Serum glucose, electrolytes (including blood urea nitrogen and creatinine), and pH and urine ketones should be measured at presentation. Subsequently, serum glucose and pH should be measured hourly, with serum electrolytes and urine ketones assessed every 2 to 3 hours.
If phosphate is administered, serum calcium concentrations must be monitored. The goal for correc- tion of hyperglycemia is to induce a 100-mg/dL (5.6- mmol/L) per hour decrease in the serum glucose value. The persistence of severe hyperglycemia suggests inade- quate rehydration (or incorrect mixing of the insulin).
Too rapid a decrease, however, may indicate too rapid a rate of rehydration. After the first hour, the pH should increase at least 0.03 units per hour. A slower rise sug- gests a need for a higher insulin dose or for increased hydration.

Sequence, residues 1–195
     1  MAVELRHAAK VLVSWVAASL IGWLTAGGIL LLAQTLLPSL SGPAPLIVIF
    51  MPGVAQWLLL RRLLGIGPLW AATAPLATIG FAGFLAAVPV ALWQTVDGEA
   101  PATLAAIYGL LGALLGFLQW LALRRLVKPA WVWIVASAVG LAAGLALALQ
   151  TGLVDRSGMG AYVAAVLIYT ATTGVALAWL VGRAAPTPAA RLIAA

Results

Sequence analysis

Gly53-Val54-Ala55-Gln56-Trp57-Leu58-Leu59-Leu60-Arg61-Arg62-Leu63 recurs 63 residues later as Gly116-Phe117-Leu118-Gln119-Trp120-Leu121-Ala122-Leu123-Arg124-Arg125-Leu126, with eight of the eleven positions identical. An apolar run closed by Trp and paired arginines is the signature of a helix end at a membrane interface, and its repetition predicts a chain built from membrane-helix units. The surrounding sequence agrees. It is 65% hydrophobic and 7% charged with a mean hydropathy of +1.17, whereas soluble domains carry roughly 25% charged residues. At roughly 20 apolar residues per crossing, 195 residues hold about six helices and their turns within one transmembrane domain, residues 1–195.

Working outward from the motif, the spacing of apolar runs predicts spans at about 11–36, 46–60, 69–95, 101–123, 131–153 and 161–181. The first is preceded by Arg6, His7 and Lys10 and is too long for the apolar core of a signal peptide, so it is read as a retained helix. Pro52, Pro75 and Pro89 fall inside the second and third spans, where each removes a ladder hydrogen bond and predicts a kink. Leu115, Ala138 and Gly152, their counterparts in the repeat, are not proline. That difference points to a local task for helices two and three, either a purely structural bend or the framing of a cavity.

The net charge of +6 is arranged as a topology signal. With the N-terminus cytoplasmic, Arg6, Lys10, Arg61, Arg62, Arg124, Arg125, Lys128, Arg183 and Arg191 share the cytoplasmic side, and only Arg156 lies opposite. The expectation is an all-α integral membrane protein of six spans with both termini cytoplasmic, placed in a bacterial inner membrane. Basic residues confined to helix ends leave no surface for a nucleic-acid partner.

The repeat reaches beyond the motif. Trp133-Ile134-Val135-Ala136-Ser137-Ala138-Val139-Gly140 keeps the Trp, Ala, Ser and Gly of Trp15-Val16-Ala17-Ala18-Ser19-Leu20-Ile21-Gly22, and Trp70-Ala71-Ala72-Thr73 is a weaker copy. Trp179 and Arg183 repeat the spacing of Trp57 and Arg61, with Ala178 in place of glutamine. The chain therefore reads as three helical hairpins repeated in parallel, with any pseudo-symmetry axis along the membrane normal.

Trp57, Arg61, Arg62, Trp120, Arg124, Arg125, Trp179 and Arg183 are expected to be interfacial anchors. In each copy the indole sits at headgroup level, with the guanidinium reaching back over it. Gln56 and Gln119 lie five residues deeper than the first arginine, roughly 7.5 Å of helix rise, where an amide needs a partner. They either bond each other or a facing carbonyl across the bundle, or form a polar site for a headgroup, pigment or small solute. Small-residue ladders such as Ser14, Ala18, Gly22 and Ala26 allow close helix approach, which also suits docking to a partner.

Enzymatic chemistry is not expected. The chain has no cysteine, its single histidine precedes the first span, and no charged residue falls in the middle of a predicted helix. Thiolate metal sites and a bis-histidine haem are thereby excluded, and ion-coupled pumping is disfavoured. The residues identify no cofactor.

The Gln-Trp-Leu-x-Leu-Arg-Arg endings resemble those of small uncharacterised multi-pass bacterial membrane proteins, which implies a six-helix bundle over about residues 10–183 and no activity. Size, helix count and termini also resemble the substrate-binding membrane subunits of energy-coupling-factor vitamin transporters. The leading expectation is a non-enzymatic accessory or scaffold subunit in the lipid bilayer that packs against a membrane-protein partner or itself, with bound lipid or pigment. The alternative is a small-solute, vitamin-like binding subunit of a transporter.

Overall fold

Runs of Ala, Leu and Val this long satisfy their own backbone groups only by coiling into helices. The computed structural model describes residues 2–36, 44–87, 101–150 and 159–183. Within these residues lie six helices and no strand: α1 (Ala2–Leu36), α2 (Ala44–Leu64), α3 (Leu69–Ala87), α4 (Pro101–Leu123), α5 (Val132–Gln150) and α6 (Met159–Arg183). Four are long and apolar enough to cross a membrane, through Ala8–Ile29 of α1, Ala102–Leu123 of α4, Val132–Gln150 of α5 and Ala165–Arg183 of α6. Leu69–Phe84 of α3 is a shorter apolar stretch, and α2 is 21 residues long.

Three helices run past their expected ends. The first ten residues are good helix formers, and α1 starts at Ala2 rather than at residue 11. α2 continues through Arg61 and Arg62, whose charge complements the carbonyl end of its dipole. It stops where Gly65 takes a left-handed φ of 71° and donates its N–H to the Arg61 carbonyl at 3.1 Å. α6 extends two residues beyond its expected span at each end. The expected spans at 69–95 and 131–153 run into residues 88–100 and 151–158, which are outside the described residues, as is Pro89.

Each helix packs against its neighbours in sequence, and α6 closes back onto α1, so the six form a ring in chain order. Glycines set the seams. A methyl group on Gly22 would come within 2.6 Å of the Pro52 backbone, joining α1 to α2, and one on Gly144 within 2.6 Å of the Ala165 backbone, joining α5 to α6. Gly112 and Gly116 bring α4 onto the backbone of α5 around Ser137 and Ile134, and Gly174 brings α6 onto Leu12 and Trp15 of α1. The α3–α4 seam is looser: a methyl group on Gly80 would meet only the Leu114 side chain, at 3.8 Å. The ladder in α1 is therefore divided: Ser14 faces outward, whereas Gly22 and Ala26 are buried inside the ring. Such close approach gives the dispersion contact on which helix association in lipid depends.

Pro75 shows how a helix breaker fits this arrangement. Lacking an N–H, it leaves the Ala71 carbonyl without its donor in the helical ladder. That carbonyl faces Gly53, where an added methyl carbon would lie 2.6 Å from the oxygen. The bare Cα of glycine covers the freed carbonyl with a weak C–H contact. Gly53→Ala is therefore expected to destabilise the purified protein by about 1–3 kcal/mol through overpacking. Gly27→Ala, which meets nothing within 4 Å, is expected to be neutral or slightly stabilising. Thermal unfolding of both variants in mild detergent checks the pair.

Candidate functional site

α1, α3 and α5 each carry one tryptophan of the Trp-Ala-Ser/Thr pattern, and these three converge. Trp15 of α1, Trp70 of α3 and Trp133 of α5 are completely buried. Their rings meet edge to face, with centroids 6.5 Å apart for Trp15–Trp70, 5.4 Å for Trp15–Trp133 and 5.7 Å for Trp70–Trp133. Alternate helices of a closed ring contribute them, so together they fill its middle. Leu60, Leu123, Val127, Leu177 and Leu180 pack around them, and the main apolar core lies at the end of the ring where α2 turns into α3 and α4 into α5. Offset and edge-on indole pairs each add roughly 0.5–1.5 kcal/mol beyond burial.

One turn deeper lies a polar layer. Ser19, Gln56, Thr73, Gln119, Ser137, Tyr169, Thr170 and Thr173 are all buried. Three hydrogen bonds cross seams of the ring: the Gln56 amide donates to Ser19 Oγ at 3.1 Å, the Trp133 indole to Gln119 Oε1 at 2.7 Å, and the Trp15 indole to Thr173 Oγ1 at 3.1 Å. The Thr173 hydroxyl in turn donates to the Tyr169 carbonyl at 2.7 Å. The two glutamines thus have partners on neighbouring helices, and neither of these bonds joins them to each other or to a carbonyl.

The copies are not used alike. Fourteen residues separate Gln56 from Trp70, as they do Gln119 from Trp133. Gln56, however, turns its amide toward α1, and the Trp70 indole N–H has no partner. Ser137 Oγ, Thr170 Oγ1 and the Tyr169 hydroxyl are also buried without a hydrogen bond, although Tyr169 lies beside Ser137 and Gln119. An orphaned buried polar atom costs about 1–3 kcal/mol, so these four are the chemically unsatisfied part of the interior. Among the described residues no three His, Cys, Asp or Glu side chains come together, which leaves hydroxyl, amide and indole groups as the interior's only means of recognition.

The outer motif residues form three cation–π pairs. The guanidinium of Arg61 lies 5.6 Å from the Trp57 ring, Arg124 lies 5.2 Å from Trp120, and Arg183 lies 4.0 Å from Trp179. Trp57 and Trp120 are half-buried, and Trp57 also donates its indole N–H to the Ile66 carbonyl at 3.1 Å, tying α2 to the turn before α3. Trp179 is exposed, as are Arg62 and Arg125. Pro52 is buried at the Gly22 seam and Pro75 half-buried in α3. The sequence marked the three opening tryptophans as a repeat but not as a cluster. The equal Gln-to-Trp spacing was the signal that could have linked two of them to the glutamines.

Hyperglycemia causes the osmotic shift of water into the intravascular compartment, causing dilutional hypo- natremia. The calculation for the corrected sodium con- centration accounts for this effect:
Both the measured and the corrected serum sodium values should increase as the serum glucose concentration decreases during treatment of DKA. A failure of the corrected sodium value to rise or, even more signifi- cantly, a fall in either sodium value suggests overly rapid rehydration.
Cerebral edema is responsible for most of the deaths due to DKA in children, and significant neurologic morbidity persists in many survivors. Although cerebral edema typ- ically presents 4 to 12 hours after treatment has begun, it can present later or earlier, including before treatment is initiated. The cause of cerebral edema in DKA is not known, although a number of mechanisms have been proposed.